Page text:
Projects are a domestic mechanism incentivised by Kyoto Protocol emissions units. For an initiative to qualify as a project it must achieve quantifiable reductions in greenhouse gas emissions that would not otherwise occur. It must also be additional to "business as usual", i.e. the project owner must prove that without the award of emission units the project would not otherwise proceed.

What is an emission unit or "carbon credit"?

An emission unit is equivalent to one tonne of carbon dioxide (or its equivalent in other greenhouse gases) that would otherwise have been emitted into the atmosphere. Emission units are effectively tradable allowances for greenhouse gas emissions. Each country with targets under the Kyoto Protocol must hold sufficient emissions units to match its emissions during the first commitment period of the Protocol. International markets for carbon trading are developing and project owners are able to sell their units on this market.

How much is an emission unit worth?

The international market sets the price for emission units. A number of New Zealand firms have entered negotiations to forward sell emission units awarded under the Projects to Reduce Emissions programme to European buyers. The current price on the international market is around $NZ15 a unit. Emerging prices under the European Union Emissions Trading Scheme also provide indications of what emission units are currently worth.

What is the status of the Kyoto Protocol?

The Kyoto Protocol will enter into force in February 2005.

What other projects have been awarded emission units in the Projects to Reduce Emissions programme?

The other successful projects are:
· Fire-Logs New Zealand Limited's proposal to produce wood pellets from waste sawdust for domestic and industrial use. · Genesis Energy's proposed enhancement of an existing hydro generation scheme at Tongaririo.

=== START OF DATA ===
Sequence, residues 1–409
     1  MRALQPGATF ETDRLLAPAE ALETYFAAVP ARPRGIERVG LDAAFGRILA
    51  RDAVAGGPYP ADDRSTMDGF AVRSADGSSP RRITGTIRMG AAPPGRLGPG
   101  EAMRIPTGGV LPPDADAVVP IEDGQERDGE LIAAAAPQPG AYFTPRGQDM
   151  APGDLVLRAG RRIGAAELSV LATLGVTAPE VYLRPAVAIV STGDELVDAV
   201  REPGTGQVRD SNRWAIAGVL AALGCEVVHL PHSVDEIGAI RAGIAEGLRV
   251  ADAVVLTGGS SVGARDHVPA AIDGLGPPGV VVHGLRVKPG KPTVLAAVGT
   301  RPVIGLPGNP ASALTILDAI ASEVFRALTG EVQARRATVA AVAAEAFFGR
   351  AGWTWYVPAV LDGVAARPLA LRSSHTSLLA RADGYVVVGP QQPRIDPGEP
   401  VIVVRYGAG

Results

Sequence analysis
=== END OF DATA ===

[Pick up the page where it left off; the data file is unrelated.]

· TrustPower's proposal to produce electricity from landfill gas.
· Watercare Services Limited's proposed staged installation of hydro energy turbines at three water supply dams in the Hunua Ranges and a bypass channel in the Waitakere Ranges.
· New Zealand Refining Company's proposed electricity and steam co-generation plant at the Marsden Point refinery
· Southern Paprika's proposed bio-energy plant to heat glasshouses.
· TrustPower's proposed enhancement of an existing hydro generation scheme at Waipouri.
· TrustPower's proposed enhancement of an existing hydro generation scheme in Taranaki.
· Te Rere Hau Windfarm, New Zealand Windfarms - a proposed 50 megawatt wind farm in Manawatu.
· Toronui Mini-Hydro Power Scheme, Esk Hydro Power - a proposed mini-hydro scheme on the Pask family's Toronui station in northern Hawkes Bay.
· Awapuni Landfill, Palmerston North City Council - a proposed scheme for generating electricity from landfill gas.
· Wainui Hill Wind Farm - a proposed wind farm of up to 30 megawatts on Wellington's Wainui hills.
· Genesis Energy's Hau Nui Wind Farm, Wairarapa - a proposed five megawatt extension of the existing wind farm. · Genesis Energy's Awhitu Wind Farm, South Auckland - a proposed wind farm of 19 megawatts on the Awhitu peninsula.